Not too long ago, the idea of artificial intelligence (AI) seemed pretty far-fetched. But today,
AI is a very real part of our world, and its applications will only continue to grow as time goes by.
Due to its innovative nature, however, we might find ourselves having to think about
AI in roles outside what we initially expected, and in contexts that we might find surprising ลาวสามัคคี วีไอพี.
That feeling of surprise might show up when you read the title of Prof. Christian Johner’s presentation during Day 3 of the EURETINA 2021 Virtual Conference: “Soft-ware as a Medical Device”.
AI software as a medical device When we think of a medical device, we might immediately think of a thermometer or an ophthalmoscope in simple terms,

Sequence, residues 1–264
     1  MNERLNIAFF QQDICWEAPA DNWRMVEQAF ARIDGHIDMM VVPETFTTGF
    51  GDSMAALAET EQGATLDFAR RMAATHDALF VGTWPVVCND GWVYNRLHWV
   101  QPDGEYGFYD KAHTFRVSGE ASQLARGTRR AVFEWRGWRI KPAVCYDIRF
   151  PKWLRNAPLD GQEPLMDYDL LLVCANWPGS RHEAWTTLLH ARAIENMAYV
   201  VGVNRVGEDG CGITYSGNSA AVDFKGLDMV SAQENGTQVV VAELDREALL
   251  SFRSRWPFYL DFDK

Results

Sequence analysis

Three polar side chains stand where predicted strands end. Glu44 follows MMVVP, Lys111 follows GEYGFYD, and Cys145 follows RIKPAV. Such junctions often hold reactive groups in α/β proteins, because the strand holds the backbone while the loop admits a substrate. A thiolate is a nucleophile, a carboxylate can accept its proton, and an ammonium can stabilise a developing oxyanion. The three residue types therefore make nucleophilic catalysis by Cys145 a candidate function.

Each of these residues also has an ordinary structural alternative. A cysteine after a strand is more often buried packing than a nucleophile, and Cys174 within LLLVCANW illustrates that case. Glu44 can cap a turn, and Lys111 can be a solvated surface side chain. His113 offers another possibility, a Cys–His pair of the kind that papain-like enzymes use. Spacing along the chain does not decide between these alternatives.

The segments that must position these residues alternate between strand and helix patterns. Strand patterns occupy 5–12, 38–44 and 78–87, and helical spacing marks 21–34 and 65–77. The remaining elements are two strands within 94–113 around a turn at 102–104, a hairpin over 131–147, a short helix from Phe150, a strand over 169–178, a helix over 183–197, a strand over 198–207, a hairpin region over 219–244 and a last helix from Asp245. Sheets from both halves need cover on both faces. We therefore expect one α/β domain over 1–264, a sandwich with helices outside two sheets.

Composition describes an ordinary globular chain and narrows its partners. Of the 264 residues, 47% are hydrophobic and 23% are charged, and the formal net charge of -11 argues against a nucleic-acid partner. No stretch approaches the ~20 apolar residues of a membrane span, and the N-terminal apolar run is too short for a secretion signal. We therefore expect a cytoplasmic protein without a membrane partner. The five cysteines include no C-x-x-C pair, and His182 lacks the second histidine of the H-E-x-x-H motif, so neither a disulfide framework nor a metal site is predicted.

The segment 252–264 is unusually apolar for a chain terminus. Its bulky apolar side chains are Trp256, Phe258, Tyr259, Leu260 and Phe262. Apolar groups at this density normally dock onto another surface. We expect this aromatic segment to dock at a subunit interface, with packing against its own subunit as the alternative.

or perhaps an optical coherence tomography (OCT) device if we’re thinking of something a bit more complex.
But we don’t usually consider software to be a device. Normally, we consider a device something a bit more tangible, something you can hold in your hand, even if it’s big and heavy.
Yet when we consider the world of medical technology, AI software that is used in medical practice is classified by regulating authorities as just that: a device, and a medical one at that.
Speaking during the symposium entitled “From the AI-Lab to Clinical Practice: Clearing the Hurdles”, Prof.
Johner, explained the criteria applied by the European Union’s Medical Device Regulations (MDR) when considering whether a piece of AI software is, for legal purposes, a device.
Citing the MDR, Prof. Johner said that a product, whether hardware or software, is a medical device if it is intended
by the manufacturer to be used for the diagnosis, treatment, prevention, monitoring, or alleviation of a disease or an injury. T
hus, as we can see, quite a lot of software that is used as a part of one’s practice can be classified as a device,
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